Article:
For early members of the Church, the summer of 1839 was a season of both suffering and miracles. Forced from their homes in Missouri earlier that year, they found refuge among the residents of Illinois and Iowa, who helped to care for their immediate needs. Soon the Church purchased property in Commerce, Illinois, which the Prophet Joseph later renamed Nauvoo, based on the Hebrew word for “beautiful.” He encouraged all Church members to gather there. But Nauvoo was not yet “the city beautiful.” A swampy portion of the land needed to be drained before it was habitable, and in the meantime mosquitoes thrived in the area. The mosquitoes carried malaria and infected hundreds of people. Joseph and Emma Smith took many of the sick into their home to care for them—so many that Joseph and Emma moved into a tent in their yard to free up space.1 Wilford Woodruff recalled, “The large number of Saints who had been driven out of Missouri, were flocking into Commerce; but had no homes to go into, and were living in wagons, in tents, and on the ground. Many, therefore, were sick through the exposure they were subjected to. Brother Joseph had waited on the sick, until he was worn out and nearly sick himself.”2 Joseph did become ill, but after several days he rose from his bed, feeling prompted to minister to those who were suffering. Brigham Young wrote:
July 22, 1839.—Joseph arose from his bed of sickness, and the power of God rested upon him. He commenced in his own house and door-yard, commanding the sick, in the name of Jesus Christ, to arise and be made whole, and they were healed according to his word. He then continued to travel from house to house from tent to tent upon the bank of the river, healing the sick as he went until he arrived at the upper stonehouse, where he crossed the river in a boat, accompanied by several of the Quorum of the Twelve, and landed in Montrose.3
Wilford Woodruff was with Joseph that day. While they were waiting to cross the river, a man asked Joseph for help. Wilford recalled:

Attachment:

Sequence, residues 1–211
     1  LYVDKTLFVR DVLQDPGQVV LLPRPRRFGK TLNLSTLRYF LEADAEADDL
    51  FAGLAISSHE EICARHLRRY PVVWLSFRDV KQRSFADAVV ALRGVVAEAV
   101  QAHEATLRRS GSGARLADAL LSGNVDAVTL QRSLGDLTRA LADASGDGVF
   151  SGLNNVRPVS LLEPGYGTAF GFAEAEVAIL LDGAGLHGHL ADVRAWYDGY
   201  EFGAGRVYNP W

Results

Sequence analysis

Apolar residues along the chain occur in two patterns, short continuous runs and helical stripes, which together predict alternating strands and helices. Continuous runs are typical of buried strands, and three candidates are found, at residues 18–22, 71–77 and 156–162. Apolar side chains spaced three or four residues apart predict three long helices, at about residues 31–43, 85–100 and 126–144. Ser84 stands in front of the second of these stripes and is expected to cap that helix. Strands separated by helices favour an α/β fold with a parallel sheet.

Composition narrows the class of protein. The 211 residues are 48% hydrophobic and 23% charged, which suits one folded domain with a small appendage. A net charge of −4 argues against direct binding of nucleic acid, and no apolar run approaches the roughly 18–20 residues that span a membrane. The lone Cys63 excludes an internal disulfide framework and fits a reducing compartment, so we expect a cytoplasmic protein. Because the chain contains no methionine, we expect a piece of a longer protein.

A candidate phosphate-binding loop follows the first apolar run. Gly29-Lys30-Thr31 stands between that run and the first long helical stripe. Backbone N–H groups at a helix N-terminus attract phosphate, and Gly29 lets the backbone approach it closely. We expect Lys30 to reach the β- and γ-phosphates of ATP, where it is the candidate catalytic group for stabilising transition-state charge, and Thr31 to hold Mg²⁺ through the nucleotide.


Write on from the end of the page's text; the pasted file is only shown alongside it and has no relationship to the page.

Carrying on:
A man came to [Joseph] and asked him if he would go about three miles and heal two of his small children, who were twins, about three months old, and were sick nigh unto death. He was a man of the world, he had never heard a sermon preached by a Latter-day Saint. Joseph said he could not go, but he would send a man. After hesitating a moment, he turned to me and said, “You go with this man and heal his children,” at the same time giving me a red silk handkerchief, and said, “After you lay hands upon them, wipe their faces with it, and they shall be healed; and as long as you will keep that handkerchief, it shall ever remain as a league between you and me.” I went and did as I was commanded, and the children were healed.4
Wilford Woodruff kept this handkerchief as a reminder of this great experience and of Joseph’s compassion toward the sick, including those who were not of his faith. A corner of the handkerchief has been cut off, possibly by someone wanting a memento of the Prophet.
Although many were healed that day, sickness continued to afflict others in the area for months. Joseph continued to care for the sick, sacrificing his own needs to tend to the needs of others. John Lyman Smith recalled a visit from the Prophet in September 1839:
The Prophet Joseph and his brother Hyrum visited us and administered to us all, father being delirious from the effects of the fever. Their words comforted us greatly, as they said in the name of the Lord you all shall be well again. Upon leaving the hovel Joseph placed his slippers upon my mother’s feet and sprang upon his horse from the doorway and rode home barefoot. The next day Joseph removed father to his own house and nursed him until he recovered.5
As the weather turned colder, the mosquitoes died off, and the people recovered from their illness. Men drained the swamps, and Nauvoo became a beautiful city. But that summer of sickness and healing will always stand as a witness of Joseph Smith’s compassion and the power of God given to him to heal and bless God’s children.